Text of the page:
Due to the modern knowledge, gastroprotective effects of the short peptides are mediated by their antioxidant and anti-inflammatory properties [1,5,8,10,16,23,32,37], regulatory influence on acid/base secretion [9,24,25,35], motility [38,39], activity of the gastrointestinal enzymes [9,13,16,20,21], production of prostaglandins and nitric oxide as well as the interaction with the neuroendocrine system [1,12,27,31, 33,34]. For example, it is known that dipeptide L-carnosine, that for about two decades is used in Japan as antiulcer remedy, exerts its gastroprotective effect through the stimulation of protective mucous production and increases the activity of antioxidant defense enzymes and heat shock proteins expression in stomach, dose dependently preventing gastric ulceration [26].

The perspectiveness of the application of oligopeptides in gastroenterology is supported by the data, that a variety of the short peptides are resistant to the influence of gastric and enteric proteinases, what allows to introduce them orally to the patient [7,10,16,35,36,40]. Interestingly, the studies of the short peptide livagen (Lys-Glu-Аsр-Ala) showed that this compound was not hydrolyzed even by the peptidases of the small intestine and under the conditions in vitro it was hydrolyzed only for 50% [40]. On the example of glypropline of the structure Glu-Pro-Glu, it was shown that this tripeptide was resistant even to the effect of tripeptidases [7,35,36,40]. The pentadecapeptide BPC 157 was also reported to be especially stable and in vitro studies showed that this compound was not broken down by gastric juice during a 24 hours period [10,31-33].

Analysis of literary reports on the gastroprotective short peptide compounds we present according the following rubrics:

  1. neuropeptides
  2. short peptide derivatives of collagen
  3. thymic peptides

other oligopeptides with gastroprotective properties.

Neuropeptides

In 1979, the team of Y. Taché and coauthors reported for the first time that peptides act in the brain to protect against the development of gastric erosions induced by cold restraint stress in rats [11,26,41]. They injected the 14-amino acid neuropeptide bombesin into the cisterna magna and noted the changes in the autonomic nervous system activity, resulting in the simultaneous inhibition of gastric acid and pepsin secretion and motility [42].In future decades the involvement of neuropeptides in the regulation of the function of gut was confirmed by numerous papers of other authors [6,28,29,41,38,39,43]. Thus, it was shown that opioid peptides, the most numerous family of neuropeptides, have much broader physiological effects than the regulation of emotions. The elucidation of the biological effects of opioid peptides showed their important role in the integration of nervous, endocrine and immune system, since the receptors to different neuropeptides were found on lymphocytes [6,28,29,30,39,43,44].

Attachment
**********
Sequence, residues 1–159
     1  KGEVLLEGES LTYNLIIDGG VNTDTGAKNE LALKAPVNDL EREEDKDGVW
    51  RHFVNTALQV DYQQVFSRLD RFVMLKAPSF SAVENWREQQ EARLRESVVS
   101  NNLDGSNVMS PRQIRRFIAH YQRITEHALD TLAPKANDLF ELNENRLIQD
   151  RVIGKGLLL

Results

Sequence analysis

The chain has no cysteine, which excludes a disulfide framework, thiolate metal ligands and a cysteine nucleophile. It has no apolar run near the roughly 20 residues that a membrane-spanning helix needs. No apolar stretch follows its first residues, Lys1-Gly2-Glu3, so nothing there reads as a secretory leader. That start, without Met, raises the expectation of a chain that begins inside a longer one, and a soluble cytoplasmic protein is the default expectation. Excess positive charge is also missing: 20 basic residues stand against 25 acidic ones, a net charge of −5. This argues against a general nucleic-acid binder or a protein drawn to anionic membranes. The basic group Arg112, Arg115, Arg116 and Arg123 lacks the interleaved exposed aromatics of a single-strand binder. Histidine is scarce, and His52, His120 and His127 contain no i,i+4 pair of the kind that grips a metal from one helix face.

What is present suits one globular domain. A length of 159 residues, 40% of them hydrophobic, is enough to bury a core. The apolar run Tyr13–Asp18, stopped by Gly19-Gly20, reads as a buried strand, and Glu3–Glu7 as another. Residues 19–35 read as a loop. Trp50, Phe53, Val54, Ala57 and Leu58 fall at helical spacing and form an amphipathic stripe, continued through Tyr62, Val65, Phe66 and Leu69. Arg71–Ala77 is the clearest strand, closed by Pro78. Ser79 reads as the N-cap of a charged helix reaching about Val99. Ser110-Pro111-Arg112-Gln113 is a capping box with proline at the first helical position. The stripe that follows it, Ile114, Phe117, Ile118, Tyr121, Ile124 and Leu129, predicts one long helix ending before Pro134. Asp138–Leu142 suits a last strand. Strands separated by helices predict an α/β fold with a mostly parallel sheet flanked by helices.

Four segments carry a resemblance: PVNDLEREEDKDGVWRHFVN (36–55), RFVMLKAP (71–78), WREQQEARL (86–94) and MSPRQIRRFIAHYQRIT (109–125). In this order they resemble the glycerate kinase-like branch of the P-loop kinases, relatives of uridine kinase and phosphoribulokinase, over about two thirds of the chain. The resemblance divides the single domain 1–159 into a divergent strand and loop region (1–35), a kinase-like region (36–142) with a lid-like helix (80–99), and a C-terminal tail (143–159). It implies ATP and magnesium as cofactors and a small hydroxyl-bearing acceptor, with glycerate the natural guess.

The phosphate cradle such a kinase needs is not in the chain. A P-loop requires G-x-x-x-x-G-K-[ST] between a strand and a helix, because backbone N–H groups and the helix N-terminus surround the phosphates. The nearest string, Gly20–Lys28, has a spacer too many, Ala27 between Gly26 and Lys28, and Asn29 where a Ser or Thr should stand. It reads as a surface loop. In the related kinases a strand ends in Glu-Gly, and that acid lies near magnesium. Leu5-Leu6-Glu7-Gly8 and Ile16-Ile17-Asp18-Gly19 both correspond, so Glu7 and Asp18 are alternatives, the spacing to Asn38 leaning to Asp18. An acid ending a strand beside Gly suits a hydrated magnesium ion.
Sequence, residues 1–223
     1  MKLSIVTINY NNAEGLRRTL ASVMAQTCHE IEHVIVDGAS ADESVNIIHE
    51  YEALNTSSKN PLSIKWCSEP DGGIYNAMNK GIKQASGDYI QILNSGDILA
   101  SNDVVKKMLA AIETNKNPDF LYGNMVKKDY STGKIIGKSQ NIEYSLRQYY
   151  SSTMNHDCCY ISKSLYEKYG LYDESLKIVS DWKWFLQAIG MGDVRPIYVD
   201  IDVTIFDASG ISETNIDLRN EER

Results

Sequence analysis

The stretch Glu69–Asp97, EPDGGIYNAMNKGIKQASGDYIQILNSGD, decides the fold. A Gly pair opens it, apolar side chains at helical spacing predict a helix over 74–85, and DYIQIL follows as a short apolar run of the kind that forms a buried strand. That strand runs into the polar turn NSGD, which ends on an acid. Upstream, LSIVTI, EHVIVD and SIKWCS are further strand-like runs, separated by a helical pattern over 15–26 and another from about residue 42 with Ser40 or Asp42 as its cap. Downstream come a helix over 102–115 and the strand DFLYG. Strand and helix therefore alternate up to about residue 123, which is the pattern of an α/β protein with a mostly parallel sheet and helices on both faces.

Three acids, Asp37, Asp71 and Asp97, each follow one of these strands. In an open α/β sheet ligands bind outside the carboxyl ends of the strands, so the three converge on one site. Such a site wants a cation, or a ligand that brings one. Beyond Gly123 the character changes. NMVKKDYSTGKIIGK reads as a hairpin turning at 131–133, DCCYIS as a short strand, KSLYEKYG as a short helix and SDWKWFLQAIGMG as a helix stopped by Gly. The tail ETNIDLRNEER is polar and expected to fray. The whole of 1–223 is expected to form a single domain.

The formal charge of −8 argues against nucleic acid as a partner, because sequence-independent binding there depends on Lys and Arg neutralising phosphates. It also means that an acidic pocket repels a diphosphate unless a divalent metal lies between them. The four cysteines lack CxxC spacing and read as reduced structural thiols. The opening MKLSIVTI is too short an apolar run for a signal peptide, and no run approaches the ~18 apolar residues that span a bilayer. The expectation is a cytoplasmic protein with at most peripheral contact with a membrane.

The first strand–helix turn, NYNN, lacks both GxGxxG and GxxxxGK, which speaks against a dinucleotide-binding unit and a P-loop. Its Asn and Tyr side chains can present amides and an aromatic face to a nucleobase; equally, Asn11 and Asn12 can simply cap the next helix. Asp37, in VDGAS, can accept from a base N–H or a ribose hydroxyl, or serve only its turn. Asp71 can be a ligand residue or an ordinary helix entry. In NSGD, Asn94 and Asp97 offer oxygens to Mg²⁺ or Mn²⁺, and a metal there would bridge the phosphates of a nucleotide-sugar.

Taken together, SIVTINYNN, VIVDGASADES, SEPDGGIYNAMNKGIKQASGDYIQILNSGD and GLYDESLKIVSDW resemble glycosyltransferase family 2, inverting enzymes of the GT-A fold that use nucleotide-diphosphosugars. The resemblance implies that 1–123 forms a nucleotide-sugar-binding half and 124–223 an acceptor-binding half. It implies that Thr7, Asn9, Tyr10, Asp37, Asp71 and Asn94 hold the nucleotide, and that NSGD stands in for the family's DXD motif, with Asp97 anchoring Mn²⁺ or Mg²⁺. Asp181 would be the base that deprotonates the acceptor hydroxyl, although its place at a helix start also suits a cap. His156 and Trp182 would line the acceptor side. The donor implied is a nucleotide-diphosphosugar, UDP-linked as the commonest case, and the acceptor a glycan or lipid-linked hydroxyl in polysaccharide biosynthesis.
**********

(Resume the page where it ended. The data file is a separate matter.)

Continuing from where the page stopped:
Now it is widely accepted that opioid peptides play an important role in the processes of maintenance of the gastric mucosa integrity [6,28,29,30,38,39,43,45]. The results of chronic experiments on dogs showed that leu-enkephalin in doses 1, 7, and 9 µg/kg affected gastric secretion and excretion on the background of various stimulants. The maximum protective effect of opiates was achieved in a dose of 7 µg/kg [18]. Interestingly, the peptide effect on gastric secretion depended on the stimulant used: on the background of carbachol and pentagastrine, the activity of acidic and peptic factors was decreased and the protective factors of gastric juice were increased, whereas under the influence of histamine, leu-enkephalin increased the juice acidity and mucus secretion but decreased the activity of pepsin and the excretion of ammonia from the stomach [18].It was reported that dalargin (leu-enkephalin) significantly decreased the area of erosive and ulcerative lesions, had a normalizing effect on proliferation of epithelial cells and reduced the degree of oxidative stress [30]. It was also documented that centrally induced gastroprotective effect of neuropeptides may be mediated by a vagal dependent increase of gastric mucosal resistance to injury; activation of vagal cholinergic pathway results in the stimulation of the release of mucosal prostaglandins and nitric oxide [28].

Recent papers report that acupuncture can promote the repair of gastric mucosal injury and improve gastrointestinal function and the authors link these effects with reducing plasma beta-endorphin level and upregulating hypothalamic beta-endorphin level [46]. It was also noted that endomorphin-2, injected intracerebroventricularly, restored the reduced levels of CGRP and somatostatin in gastric mucosa lesions [27]. The gastroprotective action was reported in beta-endorphin, deltorphin II as well as endomorphin-1 and endomorphin-2, injected intracerebroventricularly. The effects of endomorphin-1 and endomorphin-2 were reported to be involved in the regulation of colonic motility through the activation of multiple subtypes of opioid receptors, possibly including mu(1) (naloxonazine-sensitive), mu(2) and other forms of muORs (beta-FNA-insensitive) [39].